About the Workshop Panel
Each P2P workshop has an independent panel of five to seven members with diverse professional and personal perspectives. Panel members attend the workshop, where they listen to and ask questions about presentations from expert speakers. Then the panelists write a report that summarizes the workshop and highlights research gaps and future priorities. The recommendations in the panel’s report are for use by the broader research community. Panel reports are not policy statements of the NIH or the federal government.
Workshop and Panel Chair
Mary Wakefield, Ph.D., R.N.
Dr. Mary Wakefield is a Visiting Professor at Georgetown University, Washington, DC and the University of Texas at Austin. She currently serves on a number of nonprofit advisory boards including the Macy Foundation and the Medical Advisory Board of the University of Washington.
Dr. Wakefield has served in both the legislative and executive branches of government, most recently in a temporary appointment as Counselor to the U.S. Department of Health and Human Services (HHS) Secretary Becerra, advising on the Unaccompanied Children Program. Previously, she was appointed by President Obama to the position of HHS Deputy Secretary. Her responsibilities included management of HHS, a department with a $1 trillion budget and 80,000 employees. In this role, she also led strategic Department-wide initiatives in key health policy areas, with particular focus on health and human service programs for underserved populations, including strengthening health programs for American Indians and Alaska Natives and improving data analysis to better support the health of rural populations. Prior to this, President Obama appointed her to lead the $10 billion Health Resources and Services Administration (HRSA). At HRSA, she led program improvements to build healthier communities, increase health equity, expand access to primary care, and support health services to people in rural areas. Dr. Wakefield’s public service career also includes over 8 years working in the U.S. Senate, including as Chief of Staff to two North Dakota senators.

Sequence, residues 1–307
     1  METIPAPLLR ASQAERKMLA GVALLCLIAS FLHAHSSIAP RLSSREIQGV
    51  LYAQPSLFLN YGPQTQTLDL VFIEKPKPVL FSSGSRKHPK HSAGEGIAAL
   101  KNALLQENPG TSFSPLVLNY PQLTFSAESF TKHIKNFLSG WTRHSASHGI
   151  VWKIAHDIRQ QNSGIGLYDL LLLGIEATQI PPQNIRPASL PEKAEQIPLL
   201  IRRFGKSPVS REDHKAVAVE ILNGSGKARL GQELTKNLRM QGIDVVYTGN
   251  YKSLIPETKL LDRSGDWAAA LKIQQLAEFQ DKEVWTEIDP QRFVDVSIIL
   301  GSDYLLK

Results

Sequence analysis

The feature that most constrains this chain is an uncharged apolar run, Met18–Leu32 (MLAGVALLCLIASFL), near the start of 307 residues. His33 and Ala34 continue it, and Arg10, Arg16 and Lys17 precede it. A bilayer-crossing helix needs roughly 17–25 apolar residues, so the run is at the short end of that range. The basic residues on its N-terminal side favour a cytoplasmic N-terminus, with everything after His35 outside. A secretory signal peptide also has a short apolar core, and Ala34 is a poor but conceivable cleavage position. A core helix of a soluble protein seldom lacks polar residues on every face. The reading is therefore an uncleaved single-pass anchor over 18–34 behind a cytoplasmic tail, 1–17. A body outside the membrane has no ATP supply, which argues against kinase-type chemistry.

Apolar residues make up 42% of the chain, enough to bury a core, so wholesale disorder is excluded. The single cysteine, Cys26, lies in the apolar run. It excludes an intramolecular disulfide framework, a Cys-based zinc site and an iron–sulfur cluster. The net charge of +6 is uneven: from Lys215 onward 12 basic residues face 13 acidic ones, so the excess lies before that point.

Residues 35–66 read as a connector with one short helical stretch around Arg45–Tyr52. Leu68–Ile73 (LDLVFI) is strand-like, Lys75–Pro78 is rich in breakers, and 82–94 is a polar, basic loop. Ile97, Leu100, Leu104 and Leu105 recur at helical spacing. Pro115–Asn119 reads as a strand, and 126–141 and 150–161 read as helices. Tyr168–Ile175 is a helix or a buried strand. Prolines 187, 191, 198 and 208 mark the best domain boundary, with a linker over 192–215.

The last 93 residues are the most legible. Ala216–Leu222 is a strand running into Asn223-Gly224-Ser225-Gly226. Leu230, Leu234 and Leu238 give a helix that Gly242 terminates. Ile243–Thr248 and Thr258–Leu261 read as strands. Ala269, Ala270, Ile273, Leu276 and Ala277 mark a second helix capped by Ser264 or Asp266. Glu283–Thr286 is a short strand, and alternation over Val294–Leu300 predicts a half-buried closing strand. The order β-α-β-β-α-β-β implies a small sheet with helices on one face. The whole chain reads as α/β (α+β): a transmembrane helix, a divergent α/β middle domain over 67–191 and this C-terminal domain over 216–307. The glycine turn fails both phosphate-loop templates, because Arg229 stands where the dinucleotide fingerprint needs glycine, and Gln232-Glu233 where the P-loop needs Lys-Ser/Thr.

Dr. Wakefield is a member of the National Academy of Medicine and a fellow in the American Academy of Nursing. She co-chaired the recently released National Academy of Medicine’s Consensus Study Report on “The Future of Nursing, 2020-2030.” Additionally, she was a member of the Institute of Medicine (now National Academy of Medicine) committee that produced the landmark reports “To Err is Human” and “Crossing the Quality Chasm.”